Iomega’s Bernoulli disc was first introduced in 1982 in it’s 8-inch format, and was Iomega’s first widely known product (this was 13 years before they launched the Zip drive). The drive was known as the ‘Bernoulli Box’ and was a high-capacity removable magnetic disk storage system, using the Bernoulli law in physics to pull a fast-spinning PET disk towards the read-write head, but keep it separated from it by a cushion of air to make the system crash-proof.
At a time when 5.25-inch floppy discs held a maximum of 1.2 MB when used in the IBM PC AT of 1983, the Bernoulli Box’s choice of 5, 10 or 20 MB capacity seemed enormous, especially since contemporary hard drives still only held up to 30 MB. A review in 1983 praised the Bernoulli Box system as ’embodying the best of both worlds’ of floppy and hard disks in a hybrid system.
The Bernoulli Box system used large 11 by 8-inch rigid cartridges containing an 8-inch flexible disk which span at 1,500 rpm. It was somewhat more reliable than a contemporary hard disk drives, since a head crash was impossible; a power cut or knock to the drive would cause the disc to move away from the head rather than towards it. A review of 1985 conducted several ‘bump tests’ to see how crash-proof the drive was, and found that even dropping the table from a height of 1 foot did not cause any data loss.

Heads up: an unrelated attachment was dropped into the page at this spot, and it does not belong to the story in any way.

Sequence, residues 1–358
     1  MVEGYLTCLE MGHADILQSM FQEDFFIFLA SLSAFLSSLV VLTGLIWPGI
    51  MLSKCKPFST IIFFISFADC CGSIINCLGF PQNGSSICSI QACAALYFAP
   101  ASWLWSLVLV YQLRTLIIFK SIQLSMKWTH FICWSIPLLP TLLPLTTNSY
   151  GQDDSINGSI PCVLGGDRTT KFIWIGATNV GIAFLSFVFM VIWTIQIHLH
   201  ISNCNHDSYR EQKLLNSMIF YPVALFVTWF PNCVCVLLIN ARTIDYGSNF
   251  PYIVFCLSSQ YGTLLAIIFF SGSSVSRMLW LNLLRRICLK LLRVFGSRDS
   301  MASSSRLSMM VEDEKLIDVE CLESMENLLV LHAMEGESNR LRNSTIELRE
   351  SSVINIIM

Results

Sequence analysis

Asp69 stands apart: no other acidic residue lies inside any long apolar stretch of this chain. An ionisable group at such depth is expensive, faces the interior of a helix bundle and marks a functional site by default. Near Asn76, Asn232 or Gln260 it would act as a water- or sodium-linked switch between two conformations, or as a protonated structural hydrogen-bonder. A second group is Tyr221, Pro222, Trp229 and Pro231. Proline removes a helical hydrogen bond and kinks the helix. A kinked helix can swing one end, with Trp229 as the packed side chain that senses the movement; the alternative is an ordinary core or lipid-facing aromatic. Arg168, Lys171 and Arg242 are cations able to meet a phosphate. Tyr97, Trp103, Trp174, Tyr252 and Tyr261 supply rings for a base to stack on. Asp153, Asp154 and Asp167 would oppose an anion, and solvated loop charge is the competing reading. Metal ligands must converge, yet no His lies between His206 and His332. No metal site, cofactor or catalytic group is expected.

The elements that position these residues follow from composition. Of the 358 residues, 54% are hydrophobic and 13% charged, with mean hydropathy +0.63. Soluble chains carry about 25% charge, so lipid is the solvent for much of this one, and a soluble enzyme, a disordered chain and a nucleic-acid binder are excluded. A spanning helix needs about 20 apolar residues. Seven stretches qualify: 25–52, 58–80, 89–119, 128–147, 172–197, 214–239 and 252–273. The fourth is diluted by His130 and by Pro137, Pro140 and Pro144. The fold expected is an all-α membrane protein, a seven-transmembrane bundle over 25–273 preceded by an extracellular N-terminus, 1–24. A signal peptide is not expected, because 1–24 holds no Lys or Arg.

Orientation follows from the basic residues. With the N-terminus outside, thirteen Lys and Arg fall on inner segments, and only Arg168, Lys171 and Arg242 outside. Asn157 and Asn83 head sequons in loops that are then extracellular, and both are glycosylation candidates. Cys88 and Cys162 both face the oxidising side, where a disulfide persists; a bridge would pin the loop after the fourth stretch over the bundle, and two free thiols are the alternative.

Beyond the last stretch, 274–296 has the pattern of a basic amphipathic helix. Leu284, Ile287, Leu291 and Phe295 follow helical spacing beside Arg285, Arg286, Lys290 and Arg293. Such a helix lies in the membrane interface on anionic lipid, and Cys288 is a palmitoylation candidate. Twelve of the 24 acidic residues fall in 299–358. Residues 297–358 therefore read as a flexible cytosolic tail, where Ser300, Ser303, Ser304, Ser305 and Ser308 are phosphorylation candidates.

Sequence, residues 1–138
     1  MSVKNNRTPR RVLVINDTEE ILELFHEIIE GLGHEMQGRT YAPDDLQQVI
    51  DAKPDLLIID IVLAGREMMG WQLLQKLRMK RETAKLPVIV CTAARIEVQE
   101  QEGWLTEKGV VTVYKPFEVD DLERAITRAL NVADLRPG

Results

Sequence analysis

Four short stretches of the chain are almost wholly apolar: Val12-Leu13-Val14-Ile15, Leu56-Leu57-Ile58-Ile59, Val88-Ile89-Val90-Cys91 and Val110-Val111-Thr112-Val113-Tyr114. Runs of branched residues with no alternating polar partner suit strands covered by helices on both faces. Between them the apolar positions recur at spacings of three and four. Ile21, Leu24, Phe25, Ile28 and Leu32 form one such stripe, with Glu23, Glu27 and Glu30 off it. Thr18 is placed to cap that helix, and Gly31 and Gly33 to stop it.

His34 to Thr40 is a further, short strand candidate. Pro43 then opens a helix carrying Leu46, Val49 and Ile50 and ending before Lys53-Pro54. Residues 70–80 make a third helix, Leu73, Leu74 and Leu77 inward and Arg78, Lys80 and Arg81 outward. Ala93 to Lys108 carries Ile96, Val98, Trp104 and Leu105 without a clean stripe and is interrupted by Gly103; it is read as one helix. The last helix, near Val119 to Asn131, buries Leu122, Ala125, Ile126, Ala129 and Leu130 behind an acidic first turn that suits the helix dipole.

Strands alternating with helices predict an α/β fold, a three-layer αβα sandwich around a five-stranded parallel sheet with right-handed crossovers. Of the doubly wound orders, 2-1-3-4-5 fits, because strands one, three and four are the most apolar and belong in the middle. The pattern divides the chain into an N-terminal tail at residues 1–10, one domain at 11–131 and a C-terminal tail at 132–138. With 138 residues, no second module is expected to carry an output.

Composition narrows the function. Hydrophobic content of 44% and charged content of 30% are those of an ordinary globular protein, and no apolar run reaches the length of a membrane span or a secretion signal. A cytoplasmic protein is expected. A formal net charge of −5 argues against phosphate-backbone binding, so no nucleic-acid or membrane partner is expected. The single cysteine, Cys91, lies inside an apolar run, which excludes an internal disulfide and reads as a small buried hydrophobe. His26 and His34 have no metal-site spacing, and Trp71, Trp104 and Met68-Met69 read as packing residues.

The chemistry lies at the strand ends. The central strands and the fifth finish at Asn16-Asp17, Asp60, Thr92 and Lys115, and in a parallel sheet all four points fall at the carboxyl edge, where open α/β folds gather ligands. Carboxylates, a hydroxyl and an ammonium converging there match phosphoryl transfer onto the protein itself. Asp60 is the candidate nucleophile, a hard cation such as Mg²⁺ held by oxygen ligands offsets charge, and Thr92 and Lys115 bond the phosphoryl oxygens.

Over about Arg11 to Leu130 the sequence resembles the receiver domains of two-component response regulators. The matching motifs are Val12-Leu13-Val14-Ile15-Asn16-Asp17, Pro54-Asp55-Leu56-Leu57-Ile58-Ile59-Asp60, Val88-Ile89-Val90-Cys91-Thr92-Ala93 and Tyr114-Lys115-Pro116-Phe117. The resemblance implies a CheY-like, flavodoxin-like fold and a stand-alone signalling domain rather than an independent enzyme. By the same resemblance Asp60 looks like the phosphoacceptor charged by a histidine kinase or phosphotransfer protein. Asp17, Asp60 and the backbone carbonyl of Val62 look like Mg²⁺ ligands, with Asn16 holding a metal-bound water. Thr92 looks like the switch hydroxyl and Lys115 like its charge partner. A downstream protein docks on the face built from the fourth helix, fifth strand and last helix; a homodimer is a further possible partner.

Due to the size of the drives, these were external devices, connected to an IBM PC via a controller card or to an Apple Macintosh via the communications ports.
Disks were inserted into the drive, and a latch turned to lock it in place. The disk could not be removed from the drive until it span down and the latch can then be released. Drives required cleaning, and a cleaning cartridges was available, and the heads needed replacing periodically (despite not touching the disk surface).
The Bernoulli Box was expensive, and in 1987 cost more than many PC clones. The cartridges alone cost $79 in 1985, but at the time there were no other options for the amount of removable storage offered by a Bernoulli Box, unless you were happy to use tape drives which were very much slower. A review of 1985 suggested the Bernoulli Box was faster than hard drives on the IBM PC XT and not noticeably slower than the hard drive of the IBM PC AT.
It was replaced by the Bernoulli Box II that used 5.25-inch form factor disks and eventually offered larger capacities of up to 230 MB.